“Top business risks in the insurance industry” by Lucy Lim-Chan (October 11, 2010)
SUITS THE C-SUITE By Lucy Lim-Chan
Business World (10/11/2010)
In last week’s column, we previewed the top 10 business risks culled across 14 industries globally by Ernst & Young and featured in its 2010 Business Risk Report.
For the insurance industry, the risks identified are: regulatory intervention, model risk, financial shocks, emerging markets, managing the nonlife underwriting cycle, demographic shift in core markets, channel management, competition for capital, climate change and catastrophic events, as well as uncertainty caused by new taxes.
In the Philippines, the insurance industry is faced with a number of strategic business risks. This article will focus on what appears to be the top two risks that confront Philippine insurance companies: regulatory risk and competitive risk.
Even at the global level, regulatory intervention tops the list.
Due to the recent global financial crisis and widespread company failures, many have questioned the effectiveness of the regulatory system. This is expected to trigger significant changes in the regulatory landscape as the regulators introduce new directives to strengthen the capital base and solvency of insurance companies.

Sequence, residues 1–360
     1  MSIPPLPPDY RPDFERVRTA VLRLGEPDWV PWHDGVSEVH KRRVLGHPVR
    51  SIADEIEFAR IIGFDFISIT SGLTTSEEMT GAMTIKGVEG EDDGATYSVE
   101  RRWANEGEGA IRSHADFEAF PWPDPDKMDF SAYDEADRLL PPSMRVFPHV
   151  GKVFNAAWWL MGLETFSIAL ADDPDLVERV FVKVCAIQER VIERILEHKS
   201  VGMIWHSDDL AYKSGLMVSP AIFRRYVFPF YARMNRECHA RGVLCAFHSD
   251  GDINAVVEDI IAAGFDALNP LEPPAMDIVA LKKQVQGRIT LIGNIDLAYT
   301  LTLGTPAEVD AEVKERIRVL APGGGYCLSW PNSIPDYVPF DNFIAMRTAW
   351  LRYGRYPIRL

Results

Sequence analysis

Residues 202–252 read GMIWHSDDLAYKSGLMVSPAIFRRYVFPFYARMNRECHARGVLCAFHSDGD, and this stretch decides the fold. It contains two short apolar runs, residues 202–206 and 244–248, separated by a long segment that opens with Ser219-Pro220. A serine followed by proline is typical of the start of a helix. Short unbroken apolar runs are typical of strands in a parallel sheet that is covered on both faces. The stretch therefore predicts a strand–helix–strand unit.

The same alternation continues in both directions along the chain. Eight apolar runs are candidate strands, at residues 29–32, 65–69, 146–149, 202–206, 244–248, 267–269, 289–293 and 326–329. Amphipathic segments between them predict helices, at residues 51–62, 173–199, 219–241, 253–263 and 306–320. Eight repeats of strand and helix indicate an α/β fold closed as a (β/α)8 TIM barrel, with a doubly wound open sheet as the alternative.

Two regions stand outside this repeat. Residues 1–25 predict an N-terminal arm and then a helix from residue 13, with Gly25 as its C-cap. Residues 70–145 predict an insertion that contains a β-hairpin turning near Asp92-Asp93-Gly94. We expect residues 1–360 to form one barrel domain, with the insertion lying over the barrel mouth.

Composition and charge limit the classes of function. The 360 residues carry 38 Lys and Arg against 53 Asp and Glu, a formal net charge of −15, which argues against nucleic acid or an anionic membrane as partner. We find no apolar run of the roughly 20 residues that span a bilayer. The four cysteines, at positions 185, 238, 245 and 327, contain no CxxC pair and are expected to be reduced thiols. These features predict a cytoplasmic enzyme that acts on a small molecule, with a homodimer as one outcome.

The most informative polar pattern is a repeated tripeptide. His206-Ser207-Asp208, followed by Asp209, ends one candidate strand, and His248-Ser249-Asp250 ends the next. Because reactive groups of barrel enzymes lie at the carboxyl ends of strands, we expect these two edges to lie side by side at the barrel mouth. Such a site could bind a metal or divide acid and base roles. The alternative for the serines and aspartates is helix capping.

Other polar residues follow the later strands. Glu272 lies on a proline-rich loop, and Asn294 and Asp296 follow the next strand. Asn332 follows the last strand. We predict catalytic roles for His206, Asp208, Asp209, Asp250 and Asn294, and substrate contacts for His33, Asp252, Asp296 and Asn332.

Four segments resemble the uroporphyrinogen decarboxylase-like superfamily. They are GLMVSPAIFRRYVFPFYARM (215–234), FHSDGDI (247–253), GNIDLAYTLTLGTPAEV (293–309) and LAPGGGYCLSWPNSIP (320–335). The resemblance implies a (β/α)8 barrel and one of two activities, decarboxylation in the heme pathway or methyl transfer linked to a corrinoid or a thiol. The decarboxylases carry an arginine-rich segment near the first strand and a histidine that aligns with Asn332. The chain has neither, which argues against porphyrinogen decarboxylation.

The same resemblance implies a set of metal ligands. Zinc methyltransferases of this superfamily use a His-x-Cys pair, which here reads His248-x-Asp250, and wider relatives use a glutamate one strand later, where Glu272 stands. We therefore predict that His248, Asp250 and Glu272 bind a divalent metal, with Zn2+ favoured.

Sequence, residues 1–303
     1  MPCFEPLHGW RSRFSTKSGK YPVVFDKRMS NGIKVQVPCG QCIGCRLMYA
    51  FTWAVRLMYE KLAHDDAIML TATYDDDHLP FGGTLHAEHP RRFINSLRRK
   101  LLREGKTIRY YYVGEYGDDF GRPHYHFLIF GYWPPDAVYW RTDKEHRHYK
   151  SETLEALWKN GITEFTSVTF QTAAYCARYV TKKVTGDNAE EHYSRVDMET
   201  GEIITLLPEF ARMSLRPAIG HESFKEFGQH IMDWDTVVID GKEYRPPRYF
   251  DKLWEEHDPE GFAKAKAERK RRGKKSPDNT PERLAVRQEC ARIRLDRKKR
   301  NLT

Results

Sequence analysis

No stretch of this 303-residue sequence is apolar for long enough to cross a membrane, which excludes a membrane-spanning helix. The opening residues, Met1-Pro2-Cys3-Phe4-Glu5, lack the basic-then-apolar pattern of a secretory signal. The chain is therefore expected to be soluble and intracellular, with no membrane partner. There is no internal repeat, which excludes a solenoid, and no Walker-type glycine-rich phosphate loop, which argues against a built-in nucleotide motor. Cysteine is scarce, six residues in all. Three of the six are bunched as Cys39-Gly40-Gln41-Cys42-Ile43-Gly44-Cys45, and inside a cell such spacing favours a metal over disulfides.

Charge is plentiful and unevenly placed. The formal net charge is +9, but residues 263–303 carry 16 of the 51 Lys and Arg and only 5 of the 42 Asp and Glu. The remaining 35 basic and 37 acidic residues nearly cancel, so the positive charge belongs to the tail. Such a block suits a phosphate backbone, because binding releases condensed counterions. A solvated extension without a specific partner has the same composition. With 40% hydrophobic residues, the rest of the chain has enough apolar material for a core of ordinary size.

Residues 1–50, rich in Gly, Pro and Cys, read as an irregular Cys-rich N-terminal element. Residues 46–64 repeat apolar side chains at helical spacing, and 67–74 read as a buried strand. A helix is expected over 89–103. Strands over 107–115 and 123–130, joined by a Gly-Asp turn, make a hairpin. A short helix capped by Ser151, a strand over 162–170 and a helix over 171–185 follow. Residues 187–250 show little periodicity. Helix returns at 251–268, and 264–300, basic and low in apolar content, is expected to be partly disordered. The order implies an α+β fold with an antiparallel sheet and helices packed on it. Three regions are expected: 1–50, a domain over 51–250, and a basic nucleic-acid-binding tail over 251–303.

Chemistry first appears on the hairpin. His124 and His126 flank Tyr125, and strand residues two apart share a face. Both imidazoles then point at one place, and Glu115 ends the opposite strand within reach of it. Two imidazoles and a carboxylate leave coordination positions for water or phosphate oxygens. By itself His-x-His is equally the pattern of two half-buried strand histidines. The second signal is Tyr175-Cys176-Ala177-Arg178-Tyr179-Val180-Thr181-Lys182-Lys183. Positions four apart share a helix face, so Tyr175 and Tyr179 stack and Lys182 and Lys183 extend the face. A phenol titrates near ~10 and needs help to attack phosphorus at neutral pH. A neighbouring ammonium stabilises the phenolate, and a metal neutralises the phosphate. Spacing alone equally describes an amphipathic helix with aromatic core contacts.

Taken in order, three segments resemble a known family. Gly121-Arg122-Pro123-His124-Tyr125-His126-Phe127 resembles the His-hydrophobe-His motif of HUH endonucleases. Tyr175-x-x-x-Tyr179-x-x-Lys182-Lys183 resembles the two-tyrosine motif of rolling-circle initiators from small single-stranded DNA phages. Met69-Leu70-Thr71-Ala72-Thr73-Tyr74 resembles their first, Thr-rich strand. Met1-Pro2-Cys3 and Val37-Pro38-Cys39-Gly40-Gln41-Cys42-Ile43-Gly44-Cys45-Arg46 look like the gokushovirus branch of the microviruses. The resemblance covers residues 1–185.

In the European Union, the move towards Solvency II, which becomes effective this Oct. 31, has posed huge challenges for insurance companies as they prepare for its impact not only on their capital and solvency amounts, but also on their underlying systems of governance, risk management, control and disclosure, and reporting.
Considering that the industry consists of more than 100 companies, with a relatively few big multinationals and domestic companies on one hand, and numerous medium- and small-sized domestic companies on the other, it appears that the top business risk facing the Philippine insurance industry is regulatory risk, particularly compliance with the increasing capital requirements imposed by the Insurance Commission (IC).
In 2006, the Department of Finance (DoF) issued Department Order (DO) #27-06 in an attempt to recapitalize the whole industry and improve solvency positions.
For domestic companies, it prescribed increasing levels of minimum paid-up capital and minimum statutory net worth that should reach P250 million and P500 million, respectively by 2010. For entities with foreign ownership of at least 60%, this will be as high as P1 billion and P500 million, respectively.
In the same year, the IC issued Insurance Memorandum Circular (IMC) #6-2006 and #7-2006, which prescribed the adoption of a risk-based capital (RBC) framework for life and nonlife companies.
In November 2006, the regulator issued IMC #10-2006 which integrated fixed capitalization and risk-based capital frameworks under previous IMCs. This provided some relief to the insurance companies, as the next level of scheduled capital increase under the DO #27-06 is deferred to the following year for as long as the industry RBC ratio compliance rate and the RBC hurdle rate are met. For example, the scheduled capital increase for 2007 has been deferred to 2008 after the regulator determined that the industry has met the industry RBC ratio compliance rate.